The unwillingness of delegates to the 1787 Constitutional Convention to decide on two issues was disastrous for the nations future. Leaving voting rights to the statesespecially to the slave states with white supremacist governmentsmeant that the ideal of equality laid out in the U.S. Constitution would be frustrated, with much of the American population denied basic rights. The delegates also could not agree on whether or not there should be a federal court system beyond the Supreme Court, with Southern states, especially, distrusting a national court system, fearing it would threaten their way of life. Goldstone (Unpunished Murder, rev. 9/18) analyzes the promises of the Fourteenth and Fifteenth amendments and the attempt during Reconstruction to expand civil rights under the law. He then demonstrates, through several Supreme Court cases, how in decision after decision, the Court chose to allow white supremacists to re-create a social order at odds with legislation that Congress had passed, the president had signed, and the states had ratified. The book, with long stretches of text unrelieved by sidebars or visuals, may challenge readers, but steadfast ones will be rewarded by Goldstones treatment of cases not often covered in similar surveys. The narrative concludes with a brief look at the 1965 march from Selma to Montgomery (led by figures such as John Lewis), and the monumental Voting Rights Act of 1965, later undercut by Alabama v. Holder in 2013, demonstrating that the issue of voting rights is still far from settled. Back matter includes a bibliography, glossary, and thorough source notes (index not seen). Dean Schneider January/February 2020 p.104(c) Copyright 2020. The Horn Book, Inc., a wholly owned subsidiary of Media Source, Inc. No redistribution permitted.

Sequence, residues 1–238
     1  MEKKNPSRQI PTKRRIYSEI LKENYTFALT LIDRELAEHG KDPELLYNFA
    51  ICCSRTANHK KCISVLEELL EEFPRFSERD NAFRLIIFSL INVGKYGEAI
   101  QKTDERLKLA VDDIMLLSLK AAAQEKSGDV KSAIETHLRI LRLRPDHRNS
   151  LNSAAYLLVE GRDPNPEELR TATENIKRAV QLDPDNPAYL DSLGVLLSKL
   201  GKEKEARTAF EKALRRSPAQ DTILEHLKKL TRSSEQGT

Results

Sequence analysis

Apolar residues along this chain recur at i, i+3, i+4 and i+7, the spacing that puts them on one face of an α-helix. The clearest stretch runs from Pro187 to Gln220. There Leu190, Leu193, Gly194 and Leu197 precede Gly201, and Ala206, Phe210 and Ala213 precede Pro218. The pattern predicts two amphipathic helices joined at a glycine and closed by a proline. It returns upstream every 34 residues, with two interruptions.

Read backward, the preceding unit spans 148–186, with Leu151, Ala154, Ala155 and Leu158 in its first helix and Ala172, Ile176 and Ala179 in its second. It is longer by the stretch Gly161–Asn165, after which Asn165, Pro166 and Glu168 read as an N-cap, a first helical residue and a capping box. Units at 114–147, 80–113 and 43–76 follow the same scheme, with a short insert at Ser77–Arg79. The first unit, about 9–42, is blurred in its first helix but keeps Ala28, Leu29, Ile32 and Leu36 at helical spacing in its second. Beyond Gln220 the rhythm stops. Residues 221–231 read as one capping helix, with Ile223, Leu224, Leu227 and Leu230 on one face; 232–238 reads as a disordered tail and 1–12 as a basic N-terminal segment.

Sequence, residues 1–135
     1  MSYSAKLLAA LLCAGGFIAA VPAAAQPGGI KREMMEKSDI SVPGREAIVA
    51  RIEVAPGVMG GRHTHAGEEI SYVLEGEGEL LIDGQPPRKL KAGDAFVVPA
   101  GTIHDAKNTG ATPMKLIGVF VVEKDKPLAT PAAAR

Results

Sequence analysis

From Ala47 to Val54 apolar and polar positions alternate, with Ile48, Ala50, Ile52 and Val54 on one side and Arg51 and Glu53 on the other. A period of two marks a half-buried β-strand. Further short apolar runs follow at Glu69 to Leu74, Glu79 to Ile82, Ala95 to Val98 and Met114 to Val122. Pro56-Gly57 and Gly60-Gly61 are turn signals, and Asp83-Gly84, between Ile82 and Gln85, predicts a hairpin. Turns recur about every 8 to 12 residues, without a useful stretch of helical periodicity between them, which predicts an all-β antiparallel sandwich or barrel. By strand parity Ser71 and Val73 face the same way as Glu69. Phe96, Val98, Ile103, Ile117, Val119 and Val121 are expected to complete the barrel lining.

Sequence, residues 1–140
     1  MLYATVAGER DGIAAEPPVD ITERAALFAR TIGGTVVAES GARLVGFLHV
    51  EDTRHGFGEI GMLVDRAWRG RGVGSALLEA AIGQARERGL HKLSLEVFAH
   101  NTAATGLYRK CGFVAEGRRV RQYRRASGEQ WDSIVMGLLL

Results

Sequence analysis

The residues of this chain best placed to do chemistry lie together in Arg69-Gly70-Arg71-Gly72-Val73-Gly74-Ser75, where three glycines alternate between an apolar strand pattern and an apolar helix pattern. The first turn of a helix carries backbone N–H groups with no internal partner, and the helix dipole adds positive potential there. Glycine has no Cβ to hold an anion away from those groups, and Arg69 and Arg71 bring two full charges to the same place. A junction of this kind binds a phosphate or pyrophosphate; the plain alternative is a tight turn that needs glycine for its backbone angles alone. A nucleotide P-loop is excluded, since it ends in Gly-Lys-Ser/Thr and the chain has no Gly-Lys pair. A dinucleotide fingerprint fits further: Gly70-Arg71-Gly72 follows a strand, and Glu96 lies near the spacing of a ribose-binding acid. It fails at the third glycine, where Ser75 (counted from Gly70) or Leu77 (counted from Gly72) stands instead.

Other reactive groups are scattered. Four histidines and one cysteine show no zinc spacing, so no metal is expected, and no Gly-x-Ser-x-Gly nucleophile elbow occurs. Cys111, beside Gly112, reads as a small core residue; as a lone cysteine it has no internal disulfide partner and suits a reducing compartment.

Booklist Review